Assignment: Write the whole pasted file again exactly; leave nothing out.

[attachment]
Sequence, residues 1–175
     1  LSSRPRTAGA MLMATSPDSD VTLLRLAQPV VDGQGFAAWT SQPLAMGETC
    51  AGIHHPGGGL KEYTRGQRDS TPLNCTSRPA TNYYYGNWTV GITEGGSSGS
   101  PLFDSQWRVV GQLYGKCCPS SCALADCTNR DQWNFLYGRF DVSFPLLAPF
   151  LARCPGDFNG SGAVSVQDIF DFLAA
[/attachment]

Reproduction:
Sequence, residues 1–175
     1  LSSRPRTAGA MLMATSPDSD VTLLRLAQPV VDGQGFAAWT SQPLAMGETC
    51  AGIHHPGGGL KEYTRGQRDS TPLNCTSRPA TNYYYGNWTV GITEGGSSGS
   101  PLFDSQWRVV GQLYGKCCPS SCALADCTNR DQWNFLYGRF DVSFPLLAPF
   151  LARCPGDFNG SGAVSVQDIF DFLAA